Beer’s role in innovation – Joe Hadzima

Joe Hadzima,
MIT Sloan Senior Lecturer

From Huffington Post

Many great—or seemingly great—ideas come to fruition during the course of drinking a beer. When you’re out with the guys (or girls), one or two cold ones could have you rhapsodizing about how you’re going to change the world. This is most likely when self-lowering toilet seats, automatic pet petters, and self-twirling ice cream cones were all dreamed into existence.

As great as these and other inventions are, we’re not sure beer had any role in their creation. But has beer had a role in actual innovation?

Self-driving cars are all the rage in the news lately, with Google and Uber fighting it out over patents and racing to the front of the line for consumer release. While they were focused on cars for the everyday driver, the first self-driving truck delivered 50,000 cans of Budweiser 120 miles in Colorado.

That’s right. The first self-driven truck was used to deliver beer.

Budweiser has come a long way since the days of the horse and cart, right? In the first days of beer delivery, customers only had access because their drink of choice was brought daily by horse and wagon.

You’re probably familiar with the Clydesdales, still often used in Budweiser commercials to tug at heartstrings. These horses were bred by farmers along the banks of the River Clyde in Lanarkshire, Scotland. The Great Flemish Horse was the forerunner of the Clydesdale, which was bred to pull loads of more than one ton at a walking speed of five miles per hour. While that kind of pulling power was amazing during those days, it was still slow and expensive. Each hitch horse needed 20 to 25 quarts of whole grains, minerals and vitamins, 50 to 60 pounds of hay, and 30 gallons of water per day.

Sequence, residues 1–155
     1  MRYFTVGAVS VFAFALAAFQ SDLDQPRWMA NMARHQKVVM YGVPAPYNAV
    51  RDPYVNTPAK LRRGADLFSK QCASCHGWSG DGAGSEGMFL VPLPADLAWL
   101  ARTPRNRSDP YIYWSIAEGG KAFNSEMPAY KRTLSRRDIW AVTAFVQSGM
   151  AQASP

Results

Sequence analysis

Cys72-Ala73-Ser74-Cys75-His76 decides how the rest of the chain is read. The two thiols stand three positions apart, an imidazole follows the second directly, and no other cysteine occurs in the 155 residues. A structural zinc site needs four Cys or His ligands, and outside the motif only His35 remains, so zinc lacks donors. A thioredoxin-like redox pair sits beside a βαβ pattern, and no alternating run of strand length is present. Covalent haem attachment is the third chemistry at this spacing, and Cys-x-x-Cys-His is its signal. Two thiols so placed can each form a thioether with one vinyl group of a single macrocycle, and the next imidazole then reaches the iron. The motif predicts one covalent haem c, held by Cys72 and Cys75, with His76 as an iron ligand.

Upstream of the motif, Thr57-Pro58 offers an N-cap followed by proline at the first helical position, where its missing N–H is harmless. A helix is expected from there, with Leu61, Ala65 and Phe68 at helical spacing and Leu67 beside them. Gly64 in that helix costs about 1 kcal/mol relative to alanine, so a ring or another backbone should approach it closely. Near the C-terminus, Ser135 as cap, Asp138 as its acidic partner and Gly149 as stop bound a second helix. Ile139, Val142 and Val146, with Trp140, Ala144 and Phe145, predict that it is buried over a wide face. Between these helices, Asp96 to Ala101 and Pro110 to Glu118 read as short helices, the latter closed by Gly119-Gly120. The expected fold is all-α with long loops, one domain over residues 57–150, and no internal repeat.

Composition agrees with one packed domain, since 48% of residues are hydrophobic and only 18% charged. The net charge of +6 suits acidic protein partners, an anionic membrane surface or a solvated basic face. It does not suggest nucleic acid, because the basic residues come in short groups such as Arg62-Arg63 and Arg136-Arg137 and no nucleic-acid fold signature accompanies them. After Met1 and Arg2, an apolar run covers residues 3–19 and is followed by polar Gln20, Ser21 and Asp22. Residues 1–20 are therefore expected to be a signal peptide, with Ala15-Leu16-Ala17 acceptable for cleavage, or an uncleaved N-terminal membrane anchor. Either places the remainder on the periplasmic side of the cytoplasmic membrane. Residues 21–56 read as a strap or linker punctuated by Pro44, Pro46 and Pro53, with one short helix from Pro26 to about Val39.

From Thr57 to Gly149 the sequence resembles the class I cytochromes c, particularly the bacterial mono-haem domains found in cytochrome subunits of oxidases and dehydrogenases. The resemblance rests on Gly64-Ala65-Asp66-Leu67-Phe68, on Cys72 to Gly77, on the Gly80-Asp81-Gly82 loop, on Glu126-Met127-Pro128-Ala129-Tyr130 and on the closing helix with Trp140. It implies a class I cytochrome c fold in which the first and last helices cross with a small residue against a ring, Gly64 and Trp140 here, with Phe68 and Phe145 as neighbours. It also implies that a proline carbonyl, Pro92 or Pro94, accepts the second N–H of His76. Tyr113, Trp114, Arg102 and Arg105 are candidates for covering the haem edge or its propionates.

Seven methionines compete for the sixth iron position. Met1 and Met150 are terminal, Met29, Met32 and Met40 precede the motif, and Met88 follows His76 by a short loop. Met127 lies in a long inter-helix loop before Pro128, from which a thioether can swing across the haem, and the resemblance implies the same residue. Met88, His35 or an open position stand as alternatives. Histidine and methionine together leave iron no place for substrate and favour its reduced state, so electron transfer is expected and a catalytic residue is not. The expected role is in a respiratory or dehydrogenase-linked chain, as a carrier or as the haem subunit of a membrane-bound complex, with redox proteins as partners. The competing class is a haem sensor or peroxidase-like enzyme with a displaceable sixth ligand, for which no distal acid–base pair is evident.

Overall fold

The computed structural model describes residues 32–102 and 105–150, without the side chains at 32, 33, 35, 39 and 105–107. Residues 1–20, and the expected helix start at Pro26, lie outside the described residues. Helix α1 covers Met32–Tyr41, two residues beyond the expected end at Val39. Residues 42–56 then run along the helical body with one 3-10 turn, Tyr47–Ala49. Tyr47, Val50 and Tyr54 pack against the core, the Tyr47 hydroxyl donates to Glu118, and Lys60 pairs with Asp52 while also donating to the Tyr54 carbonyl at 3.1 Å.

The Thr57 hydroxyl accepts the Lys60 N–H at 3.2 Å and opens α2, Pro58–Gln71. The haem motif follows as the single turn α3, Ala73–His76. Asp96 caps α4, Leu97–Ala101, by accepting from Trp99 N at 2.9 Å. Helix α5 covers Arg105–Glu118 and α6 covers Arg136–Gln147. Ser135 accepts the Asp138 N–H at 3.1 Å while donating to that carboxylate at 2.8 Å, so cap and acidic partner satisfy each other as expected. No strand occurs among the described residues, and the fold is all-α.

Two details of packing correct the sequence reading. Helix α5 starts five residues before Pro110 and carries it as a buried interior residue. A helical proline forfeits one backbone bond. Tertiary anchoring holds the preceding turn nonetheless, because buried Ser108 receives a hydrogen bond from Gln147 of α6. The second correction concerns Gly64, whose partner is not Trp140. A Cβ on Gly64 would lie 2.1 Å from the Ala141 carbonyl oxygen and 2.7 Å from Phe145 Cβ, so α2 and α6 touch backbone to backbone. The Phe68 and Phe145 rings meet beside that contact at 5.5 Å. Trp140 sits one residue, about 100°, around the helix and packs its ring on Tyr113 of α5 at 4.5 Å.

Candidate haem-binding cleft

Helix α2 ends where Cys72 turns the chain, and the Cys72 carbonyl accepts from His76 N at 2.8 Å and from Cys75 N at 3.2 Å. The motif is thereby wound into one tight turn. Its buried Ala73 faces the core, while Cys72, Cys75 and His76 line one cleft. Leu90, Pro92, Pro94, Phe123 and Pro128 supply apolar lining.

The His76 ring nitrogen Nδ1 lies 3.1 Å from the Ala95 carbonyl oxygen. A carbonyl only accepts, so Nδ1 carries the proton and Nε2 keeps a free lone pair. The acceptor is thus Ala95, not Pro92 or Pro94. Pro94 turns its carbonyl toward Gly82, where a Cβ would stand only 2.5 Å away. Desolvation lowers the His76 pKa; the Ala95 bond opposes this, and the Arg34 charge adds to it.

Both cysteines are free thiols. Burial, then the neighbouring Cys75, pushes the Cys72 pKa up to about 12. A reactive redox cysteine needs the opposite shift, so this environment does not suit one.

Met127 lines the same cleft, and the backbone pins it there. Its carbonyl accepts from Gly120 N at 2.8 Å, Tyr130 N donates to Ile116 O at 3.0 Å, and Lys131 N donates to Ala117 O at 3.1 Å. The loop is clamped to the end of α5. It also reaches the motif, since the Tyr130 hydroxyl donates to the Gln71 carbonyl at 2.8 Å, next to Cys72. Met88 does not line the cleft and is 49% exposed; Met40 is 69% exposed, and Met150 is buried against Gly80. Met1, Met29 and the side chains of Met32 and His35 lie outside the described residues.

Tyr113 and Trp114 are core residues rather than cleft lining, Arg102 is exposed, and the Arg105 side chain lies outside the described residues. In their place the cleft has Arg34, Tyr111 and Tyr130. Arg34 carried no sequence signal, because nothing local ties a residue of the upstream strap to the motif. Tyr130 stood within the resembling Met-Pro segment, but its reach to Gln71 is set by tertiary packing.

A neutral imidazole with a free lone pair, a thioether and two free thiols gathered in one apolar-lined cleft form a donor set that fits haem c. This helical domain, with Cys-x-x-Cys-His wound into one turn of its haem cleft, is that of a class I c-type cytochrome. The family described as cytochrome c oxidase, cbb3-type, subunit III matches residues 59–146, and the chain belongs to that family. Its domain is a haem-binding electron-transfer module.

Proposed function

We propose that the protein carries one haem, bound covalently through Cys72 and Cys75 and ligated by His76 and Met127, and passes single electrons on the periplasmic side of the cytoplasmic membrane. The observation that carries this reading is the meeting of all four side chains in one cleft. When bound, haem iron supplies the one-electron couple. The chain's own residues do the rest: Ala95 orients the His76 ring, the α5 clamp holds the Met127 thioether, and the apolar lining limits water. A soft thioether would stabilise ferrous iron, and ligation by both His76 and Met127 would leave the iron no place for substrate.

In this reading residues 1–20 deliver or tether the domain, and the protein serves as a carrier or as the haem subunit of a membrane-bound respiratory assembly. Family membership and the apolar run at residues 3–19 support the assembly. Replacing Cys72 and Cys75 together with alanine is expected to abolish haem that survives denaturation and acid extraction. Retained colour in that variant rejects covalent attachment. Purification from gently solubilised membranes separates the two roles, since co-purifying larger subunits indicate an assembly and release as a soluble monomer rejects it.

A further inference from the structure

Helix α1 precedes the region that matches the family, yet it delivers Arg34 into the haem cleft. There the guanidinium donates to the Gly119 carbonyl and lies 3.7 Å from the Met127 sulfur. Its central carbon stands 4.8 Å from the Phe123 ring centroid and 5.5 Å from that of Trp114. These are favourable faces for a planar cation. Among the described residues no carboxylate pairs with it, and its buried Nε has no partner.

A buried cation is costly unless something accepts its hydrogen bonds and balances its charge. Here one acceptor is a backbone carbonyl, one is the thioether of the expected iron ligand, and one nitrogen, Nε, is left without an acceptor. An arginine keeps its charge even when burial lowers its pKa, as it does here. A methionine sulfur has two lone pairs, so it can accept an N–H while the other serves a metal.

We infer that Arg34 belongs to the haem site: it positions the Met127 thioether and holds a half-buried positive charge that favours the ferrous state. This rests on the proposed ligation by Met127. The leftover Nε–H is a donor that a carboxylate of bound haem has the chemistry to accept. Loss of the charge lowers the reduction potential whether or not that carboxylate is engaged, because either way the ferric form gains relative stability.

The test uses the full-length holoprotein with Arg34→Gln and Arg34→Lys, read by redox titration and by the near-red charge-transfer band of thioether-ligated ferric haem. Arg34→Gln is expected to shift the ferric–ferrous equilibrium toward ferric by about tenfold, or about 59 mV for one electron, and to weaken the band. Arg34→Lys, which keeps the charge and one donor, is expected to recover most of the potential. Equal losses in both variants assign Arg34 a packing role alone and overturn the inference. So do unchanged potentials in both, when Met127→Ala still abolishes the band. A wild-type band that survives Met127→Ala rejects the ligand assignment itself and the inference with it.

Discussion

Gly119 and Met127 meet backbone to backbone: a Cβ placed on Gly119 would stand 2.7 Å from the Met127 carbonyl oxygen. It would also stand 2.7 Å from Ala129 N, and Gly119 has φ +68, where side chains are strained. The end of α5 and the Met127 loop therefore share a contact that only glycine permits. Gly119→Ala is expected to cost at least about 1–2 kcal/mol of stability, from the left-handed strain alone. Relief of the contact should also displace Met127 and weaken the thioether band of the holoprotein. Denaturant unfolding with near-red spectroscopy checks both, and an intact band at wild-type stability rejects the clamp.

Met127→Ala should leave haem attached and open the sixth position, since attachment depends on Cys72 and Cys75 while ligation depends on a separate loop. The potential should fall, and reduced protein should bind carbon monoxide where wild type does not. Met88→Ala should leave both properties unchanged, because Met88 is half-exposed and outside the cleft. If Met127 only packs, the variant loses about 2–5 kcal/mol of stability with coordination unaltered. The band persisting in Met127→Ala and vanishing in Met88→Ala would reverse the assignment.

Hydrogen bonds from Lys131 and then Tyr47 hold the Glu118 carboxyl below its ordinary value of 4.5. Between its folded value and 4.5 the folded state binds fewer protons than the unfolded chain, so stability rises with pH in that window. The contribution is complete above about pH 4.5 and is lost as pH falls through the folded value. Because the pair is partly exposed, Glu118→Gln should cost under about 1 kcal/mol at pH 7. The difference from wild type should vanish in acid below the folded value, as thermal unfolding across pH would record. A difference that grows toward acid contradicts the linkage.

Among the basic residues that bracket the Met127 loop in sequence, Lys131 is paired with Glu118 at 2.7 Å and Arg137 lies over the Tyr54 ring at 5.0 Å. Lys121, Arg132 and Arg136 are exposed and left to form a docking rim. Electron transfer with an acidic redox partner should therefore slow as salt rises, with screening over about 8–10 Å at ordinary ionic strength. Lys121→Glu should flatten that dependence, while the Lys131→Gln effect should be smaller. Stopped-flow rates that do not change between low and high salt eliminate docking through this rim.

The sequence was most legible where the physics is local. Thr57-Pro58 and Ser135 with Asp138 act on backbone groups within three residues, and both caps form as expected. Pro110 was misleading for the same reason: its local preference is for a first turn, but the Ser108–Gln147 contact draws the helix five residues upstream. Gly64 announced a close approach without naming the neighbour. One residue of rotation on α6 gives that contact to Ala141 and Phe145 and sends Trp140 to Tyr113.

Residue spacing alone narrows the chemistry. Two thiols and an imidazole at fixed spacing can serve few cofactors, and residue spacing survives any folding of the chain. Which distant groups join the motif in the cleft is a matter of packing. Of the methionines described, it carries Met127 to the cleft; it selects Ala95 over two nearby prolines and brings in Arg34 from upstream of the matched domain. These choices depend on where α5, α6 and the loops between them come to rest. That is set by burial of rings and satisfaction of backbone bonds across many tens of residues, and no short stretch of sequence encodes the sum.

Is it any wonder that Anheuser Busch was the exclusive US licensee of the Rudolph Diesel patents? One might assume Ford or the railroad would have been first on board with the development of diesel powered trucks, but it was actually beer.

Knowing how much was needed to keep those magnificent horses healthy and hardy, it seems diesel was a logical next step. This is a classic example of early adopter customers driving a new technology.

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How to start a business and stay in college — Elaine Chen

MIT Sloan Senior Lecturer Elaine Chen

From Forbes

This is the story of Nate, John, Chris and Tyler, who started a company while attending MIT and decided to stay in school while working on their startup at the same time.

I first met Nate Robert and John Reynolds in March 2013. Nate (then 22) and John (then 21) were seniors studying Mechanical Engineering at the time.  In the previous semester, Nate and John took a mechanical design class (MIT 2.009), where they became intrigued by the problem of delivering beer to pubs without elevator access.  Traditionally, beer distribution companies use dollies that cost around $300 each.  Delivery personnel would stack two kegs on each dolly, then bend over and bounce 320lb of beer up and down flights of stairs.  Not only does this destroy the dollies, but repetitive back strain for delivery men results in a high injury rate, costing these companies millions of dollars every year.

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